Some shells and input libraries (including fish and JLine3) let the application specify a right prompt displayed at the right of the line. This may complicate selection/copy, as you may not want to include the right prompt (especially in the middle of multi-line input), nor do you want selection to include the spacing before the prompt. Ideally, reflow after width change should adjust the spacing so the prompt of old input lines stays at the right. (This is not yet implemented.) Fish will only display the right prompt if there enough space; ideally this should be taken account on reflow.
Created 14 Jun 2019 16:27 PDT. Last edited 16 Oct 2019 13:03 PDT. Tags:

Using web technologies for the GUI of a desktop application makes a lot of sense: they're portable, familiar, and powerful. A popular option is to use a comprehensive framework such as Electron. However, you might want the option of using a regular desktop browser — maybe you want to be able to access your application remotely, or you might prefer a lighter-weight embedded browser such as webview.

For a native-looking application you probably want menus: a top menubar as well as a pop-up (context) menu. While the various embedded platforms (such as Electron) each have their own APIs for menus, there is no standard JavaScript API. The DomTerm terminal emulator can be run with a small Electron wrapper (in which case it uses Electron menus), but it can also run in a plain browser like Firefox or Chrome. So I looked around for a lightweight menu library that would work in a desktop browser, but I didn't find anything I liked: They were unmaintained, or too big, or depended on some other library (such as jQuery), or were incomplete (popup menus but no menubar support, or missing keyboard navigation), or had an API too different from Electron's relatively simple one.

I finally found Sam Wray's nwjs-menu-browser, which satisfied most of the goals. It was strandalone, modest size, handled menubars as well as popups, and had an API similar to NW.js (which is similar to that of Electron). However, it had some issues. Missing features included keyboard navigation, inability to share menu-items between menus, and some smaller problems. I also found the build process too complicated for me.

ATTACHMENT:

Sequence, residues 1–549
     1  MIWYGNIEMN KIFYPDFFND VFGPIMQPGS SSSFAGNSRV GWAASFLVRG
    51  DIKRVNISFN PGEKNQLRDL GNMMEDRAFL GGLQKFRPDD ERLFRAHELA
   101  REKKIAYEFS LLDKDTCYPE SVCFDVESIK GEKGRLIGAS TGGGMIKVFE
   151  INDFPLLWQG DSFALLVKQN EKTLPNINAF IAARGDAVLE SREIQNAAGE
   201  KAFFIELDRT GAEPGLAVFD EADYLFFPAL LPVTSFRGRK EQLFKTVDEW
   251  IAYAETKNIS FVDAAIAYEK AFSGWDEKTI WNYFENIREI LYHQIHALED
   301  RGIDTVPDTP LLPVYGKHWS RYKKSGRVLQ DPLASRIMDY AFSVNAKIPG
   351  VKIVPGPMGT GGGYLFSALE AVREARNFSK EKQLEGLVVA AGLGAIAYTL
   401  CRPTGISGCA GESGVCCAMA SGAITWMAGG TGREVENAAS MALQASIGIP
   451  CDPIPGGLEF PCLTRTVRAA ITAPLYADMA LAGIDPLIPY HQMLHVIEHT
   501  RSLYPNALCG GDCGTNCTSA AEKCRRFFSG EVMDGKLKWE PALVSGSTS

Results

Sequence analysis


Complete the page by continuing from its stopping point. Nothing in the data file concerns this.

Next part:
The jsMenus library is a much-changed fork of nwjs-menu-browser. The functionality (and API) are very similar to that of Electron. In fact DomTerm uses much of the same JavaScript to construct menus whether using Electron or jsMenus. To see most of the features in action, check this live demo. It should be easy to figure out how it works from the demo.html source. You can also read the API documentation.

Finally, here is screenshot of jsMenus in action. This is DomTerm, using the Chrome browser. Chrome was started with the --app command-line option, which (among other things) disables the default menubar and location bar.

Created 29 Jul 2018 14:09 PDT. Last edited 29 Jul 2018 16:11 PDT. Tags:

The DomTerm terminal emulator now supports sub-windows (panes) and tabs. These are resizable and draggable. This is implemented using the GoldenLayout JavaScript library.

The screenshot below shows 3 sub-windows. The lower one has two tabs, domterm-2 and domterm-3. The latter has focus (indicated by the magenta border), and is running the mc file manager. The upper left pane (domterm-1) shows how to embed html from the shell. The domterm-4 pane shows using Kawa to create composable picture values which are displayed using embedded SVG.

You can resize panes by dragging the separator between them, and you can re-arrange panes or tabs by dragging a title bar. The screenshot shows as we are dragging the splitter between the two upper panes; the blue rectangles temporarily display the resulting sizes.


Compared to GNU screen or tmux, DomTerm supports more flexible layouts and easier manipulation using either mouse or keyboard. However, DomTerm does not yet support sessions that can be detached or accessed by multiple users at once, though I do hope to add it. Until then, I suggest using abduco or dtach to handle session management.

Created 5 Jul 2017 20:46 PDT. Last edited 6 Jul 2017 10:18 PDT. Tags: